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Top Republican at Colorado Capitol jumps into crowded 4th Congressional District race

House Minority Leader Mike Lynch’s announcement comes a week after U.S. Rep. Lauren Boebert said she was abandoning her 3rd Congressional District reelection bid to run in the 4th District
Mike Lynch during the 2023 legislative session, Jan., 9, 2023, in the Colorado State Capitol in Denver. (Hugh Carey, The Colorado Sun)

Mike Lynch, the top Republican in the Colorado House of Representatives, jumped Wednesday into the GOP primary this year in the 4th Congressional District, a race that has picked up national attention after U.S. Rep. Lauren Boebert announced last week she would abandon her current congressional district to run for the 4th District seat.

Lynch, who lives in Wellington, is the minority leader in the Colorado House. He plans to stay in that role during his congressional bid.

“I’m sick of being represented by people that are not sincere in their service,” Lynch told The Colorado Sun. “I think what’s wrong with this country is (Congress) has become a job where your first concern is yourself. I think the people of CD4 deserve to have somebody that’s fighting for them who knows how to do it.”

The 4th District seat will be open after U.S. Rep. Ken Buck, R-Windsor, announced Nov. 1 that he wouldn’t run for reelection this year, citing the GOP’s embrace of election conspiracies and Congress’ inability to get work done.

The 4th District, which spans the Eastern Plains and includes much of Douglas County and Loveland, is considered the most Republican congressional district in Colorado, a state that has recently been dominated by Democrats. The 4th District leans 27 points in the GOP’s favor, according to a nonpartisan analysis of election results from 2016 to 2020 by staffers for the Colorado legislature.

Boebert, who was facing dim reelection prospects in her 3rd Congressional District, which is mostly on the Western Slope, announced last week that she would run in the 4th District instead. Although she’s not required to live in the district, the congresswoman said she plans to move there in the coming months from Garfield County.

Lynch said he’s not deterred by the congresswoman’s entrance into the race and that he plans to spend more time talking about what he will get done in Washington as opposed to focusing on what Boebert has been unable to accomplish.

If elected, Lynch said he wants to focus on water issues, securing the U.S.-Mexico border and addressing crime and drug use. He said he would want to serve on the House Armed Services and Agriculture committees.

“There’s a lot you can do from the national level,” he said, explaining that on water he wants to be part of Colorado River use negotiations and be involved with Army Corps of Engineers decisions. “I’ve been wanting to serve at this level since I was in junior high.”

Lynch, a graduate of the U.S. Military Academy at West Point, said his combined experience and success in agriculture, the military and at the statehouse set him apart from other candidates in the Republican primary.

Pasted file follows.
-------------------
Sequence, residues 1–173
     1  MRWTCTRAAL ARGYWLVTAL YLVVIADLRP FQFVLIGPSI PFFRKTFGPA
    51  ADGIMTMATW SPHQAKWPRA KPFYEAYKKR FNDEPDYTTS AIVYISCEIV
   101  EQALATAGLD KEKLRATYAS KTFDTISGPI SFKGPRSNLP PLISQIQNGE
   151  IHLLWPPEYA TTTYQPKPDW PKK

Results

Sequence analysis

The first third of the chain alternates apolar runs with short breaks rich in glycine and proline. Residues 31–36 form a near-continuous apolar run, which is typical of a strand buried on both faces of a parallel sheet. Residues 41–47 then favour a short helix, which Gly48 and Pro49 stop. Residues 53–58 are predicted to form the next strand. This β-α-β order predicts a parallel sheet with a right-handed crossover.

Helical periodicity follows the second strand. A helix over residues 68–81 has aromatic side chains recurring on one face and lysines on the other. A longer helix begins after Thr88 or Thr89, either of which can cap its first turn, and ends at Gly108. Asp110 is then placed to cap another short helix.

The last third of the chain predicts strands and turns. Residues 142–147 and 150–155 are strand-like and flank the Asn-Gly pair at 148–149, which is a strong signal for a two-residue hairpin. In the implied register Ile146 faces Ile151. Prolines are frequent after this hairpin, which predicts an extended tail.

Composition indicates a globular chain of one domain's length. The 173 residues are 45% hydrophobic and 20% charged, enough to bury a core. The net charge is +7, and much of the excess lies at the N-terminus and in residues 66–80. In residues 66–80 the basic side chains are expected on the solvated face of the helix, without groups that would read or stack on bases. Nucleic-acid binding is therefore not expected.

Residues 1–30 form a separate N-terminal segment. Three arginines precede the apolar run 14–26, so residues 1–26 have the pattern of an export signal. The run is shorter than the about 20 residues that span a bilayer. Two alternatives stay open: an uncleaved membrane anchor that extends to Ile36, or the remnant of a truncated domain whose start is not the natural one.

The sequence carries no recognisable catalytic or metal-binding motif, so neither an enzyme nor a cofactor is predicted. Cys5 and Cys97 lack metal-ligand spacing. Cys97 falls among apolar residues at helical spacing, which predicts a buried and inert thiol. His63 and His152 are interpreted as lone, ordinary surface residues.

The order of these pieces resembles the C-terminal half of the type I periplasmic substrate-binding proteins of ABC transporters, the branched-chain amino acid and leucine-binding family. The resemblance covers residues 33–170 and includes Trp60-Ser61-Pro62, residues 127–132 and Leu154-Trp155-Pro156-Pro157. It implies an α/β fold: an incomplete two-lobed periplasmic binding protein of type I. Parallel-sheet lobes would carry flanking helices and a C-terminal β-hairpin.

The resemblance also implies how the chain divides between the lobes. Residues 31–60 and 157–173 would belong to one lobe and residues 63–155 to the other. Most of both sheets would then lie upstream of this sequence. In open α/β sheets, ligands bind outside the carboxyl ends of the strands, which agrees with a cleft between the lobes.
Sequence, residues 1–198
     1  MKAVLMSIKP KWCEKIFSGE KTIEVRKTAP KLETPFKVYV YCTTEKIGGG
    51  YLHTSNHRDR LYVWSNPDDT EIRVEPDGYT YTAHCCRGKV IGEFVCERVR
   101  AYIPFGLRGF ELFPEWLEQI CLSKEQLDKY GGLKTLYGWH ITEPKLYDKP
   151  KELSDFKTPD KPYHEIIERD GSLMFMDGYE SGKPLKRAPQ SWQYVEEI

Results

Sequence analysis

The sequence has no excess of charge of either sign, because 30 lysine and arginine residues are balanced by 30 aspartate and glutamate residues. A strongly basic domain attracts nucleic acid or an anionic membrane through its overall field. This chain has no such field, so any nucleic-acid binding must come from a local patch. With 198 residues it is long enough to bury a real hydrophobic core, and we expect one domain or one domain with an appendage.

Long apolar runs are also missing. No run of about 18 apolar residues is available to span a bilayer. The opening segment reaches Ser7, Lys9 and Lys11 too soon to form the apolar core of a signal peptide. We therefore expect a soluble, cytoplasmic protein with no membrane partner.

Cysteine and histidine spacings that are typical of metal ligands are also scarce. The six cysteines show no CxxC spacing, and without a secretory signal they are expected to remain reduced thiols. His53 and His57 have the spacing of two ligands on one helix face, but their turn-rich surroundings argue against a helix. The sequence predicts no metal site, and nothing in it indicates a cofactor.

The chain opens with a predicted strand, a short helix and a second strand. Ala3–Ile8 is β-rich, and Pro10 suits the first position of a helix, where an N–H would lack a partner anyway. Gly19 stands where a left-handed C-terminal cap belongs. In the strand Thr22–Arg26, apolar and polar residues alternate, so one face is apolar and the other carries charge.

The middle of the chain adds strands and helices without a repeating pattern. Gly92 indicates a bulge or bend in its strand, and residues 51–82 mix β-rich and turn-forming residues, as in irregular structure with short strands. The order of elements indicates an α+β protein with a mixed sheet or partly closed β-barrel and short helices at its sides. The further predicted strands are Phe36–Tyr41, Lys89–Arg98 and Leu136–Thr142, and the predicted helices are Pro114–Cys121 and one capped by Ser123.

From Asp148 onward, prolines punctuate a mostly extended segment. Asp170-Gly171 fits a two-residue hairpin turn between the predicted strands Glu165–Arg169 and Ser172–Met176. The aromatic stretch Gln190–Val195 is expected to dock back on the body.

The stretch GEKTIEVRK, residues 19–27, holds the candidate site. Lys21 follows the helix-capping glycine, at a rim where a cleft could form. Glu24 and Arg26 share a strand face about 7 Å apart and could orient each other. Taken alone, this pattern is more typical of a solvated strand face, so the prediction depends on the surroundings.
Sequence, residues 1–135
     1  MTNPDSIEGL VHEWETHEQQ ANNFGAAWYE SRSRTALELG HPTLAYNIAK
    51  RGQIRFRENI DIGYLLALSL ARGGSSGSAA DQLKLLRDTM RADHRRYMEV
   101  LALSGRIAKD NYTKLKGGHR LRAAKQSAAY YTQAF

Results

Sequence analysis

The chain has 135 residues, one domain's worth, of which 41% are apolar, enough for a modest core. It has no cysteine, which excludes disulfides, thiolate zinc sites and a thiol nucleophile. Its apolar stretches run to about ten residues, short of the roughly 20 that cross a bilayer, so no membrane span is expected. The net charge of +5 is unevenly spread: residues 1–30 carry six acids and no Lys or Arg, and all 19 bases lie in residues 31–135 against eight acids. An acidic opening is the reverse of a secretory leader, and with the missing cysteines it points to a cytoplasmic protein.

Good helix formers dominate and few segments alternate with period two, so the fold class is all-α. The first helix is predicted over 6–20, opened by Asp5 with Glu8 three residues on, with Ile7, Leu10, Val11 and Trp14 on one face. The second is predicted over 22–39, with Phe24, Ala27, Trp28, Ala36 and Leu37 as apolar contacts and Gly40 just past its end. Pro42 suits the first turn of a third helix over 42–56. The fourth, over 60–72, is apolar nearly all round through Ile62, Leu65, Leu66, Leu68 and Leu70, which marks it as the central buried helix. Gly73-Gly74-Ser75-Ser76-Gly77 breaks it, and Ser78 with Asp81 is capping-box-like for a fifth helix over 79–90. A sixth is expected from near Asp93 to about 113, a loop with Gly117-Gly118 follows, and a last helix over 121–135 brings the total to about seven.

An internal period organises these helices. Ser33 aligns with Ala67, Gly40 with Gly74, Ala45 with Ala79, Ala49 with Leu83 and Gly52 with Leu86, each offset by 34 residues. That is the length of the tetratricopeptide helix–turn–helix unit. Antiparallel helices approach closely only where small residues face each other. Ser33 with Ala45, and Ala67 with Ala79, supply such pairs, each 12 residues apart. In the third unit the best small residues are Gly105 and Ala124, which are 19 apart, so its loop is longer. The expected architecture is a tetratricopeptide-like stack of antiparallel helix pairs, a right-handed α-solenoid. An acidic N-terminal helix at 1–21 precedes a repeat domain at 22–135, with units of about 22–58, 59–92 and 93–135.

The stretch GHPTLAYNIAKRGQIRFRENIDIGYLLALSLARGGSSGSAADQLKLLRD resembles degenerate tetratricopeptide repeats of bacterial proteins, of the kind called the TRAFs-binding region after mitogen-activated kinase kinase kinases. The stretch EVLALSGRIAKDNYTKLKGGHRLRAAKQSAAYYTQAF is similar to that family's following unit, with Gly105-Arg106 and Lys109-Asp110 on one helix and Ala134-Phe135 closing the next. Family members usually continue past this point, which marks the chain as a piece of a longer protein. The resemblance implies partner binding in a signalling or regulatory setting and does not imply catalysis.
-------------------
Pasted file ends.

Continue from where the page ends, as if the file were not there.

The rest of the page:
“I’ve got more of all the components than any of the other candidates,” said Lynch, who grew up on a family ranch and now has a ranch of his own.

Lynch said he supports the inquiry into impeaching President Joe Biden.

“Depending on what it puts out there, I would be in favor of impeachment if it’s proven that that’s a good case,” he said.

In addition to Boebert, Lynch joins a long list of Republicans vying to replace Buck, including:

  • Former state Sen. Jerry Sonnenberg of Sterling. He’s currently a Logan County commissioner.
  • State Rep. Richard Holtorf of Akron
  • Conservative talk radio host Deborah Flora
  • Former state Sen. Ted Harvey of Highlands Ranch

Assuming all of the Republican candidates running in the 4th District make the ballot – they must either collect 1,500 Republican voter signatures or secure a spot through the caucus and assembly process – the large field could work to Boebert’s advantage.

The congresswoman’s challengers will be battling for the anti-Boebert vote, which may in turn block any one of them from exceeding her vote total.

“I think that’s a mathematical certainty – that every credible candidate who gets in there and peels off 5-10% from the other candidates makes it that much more likely that Lauren wins,” said former state Sen. Greg Brophy, a Republican who lives near the town of Wray, which is in the 4th District.

Brophy, who is supporting Sonnenberg, said another candidate could break through in the crowded race, but they would have to spend a lot of money to combat Boebert’s name recognition.

The National Republican Congressional Committee, the U.S. House GOP campaign arm, told The Sun on Tuesday that it views Boebert as an incumbent, even though she’s running in a new district.

It’s unclear if that status will come with financial or other support in the primary.

Meanwhile, Boebert’s departure in the 3rd District race has prompted other Republicans to eye the seat. State Rep. Ron Hanks, an election conspiracy theorist who lost in Colorado’s 2022 Republican primary for U.S. Senate, announced his campaign Friday.

State Rep. Matt Soper of Delta, told The Sun last week he’s “seriously interested in jumping into the race.” Colorado Board of Education member Stephen Varela of Pueblo, who ran unsuccessfully for a state Senate seat in 2022, also said he is “strongly considering the race.”

Grand Junction attorney Jeff Hurd, who is supported by a number of big-name Republicans, including former Colorado Gov. Bill Owens and former U.S. Sen. Hank Brown, was already running in the GOP primary in the 3rd District when Boebert announced her switch.

Colorado’s congressional primary elections will be held June 25.

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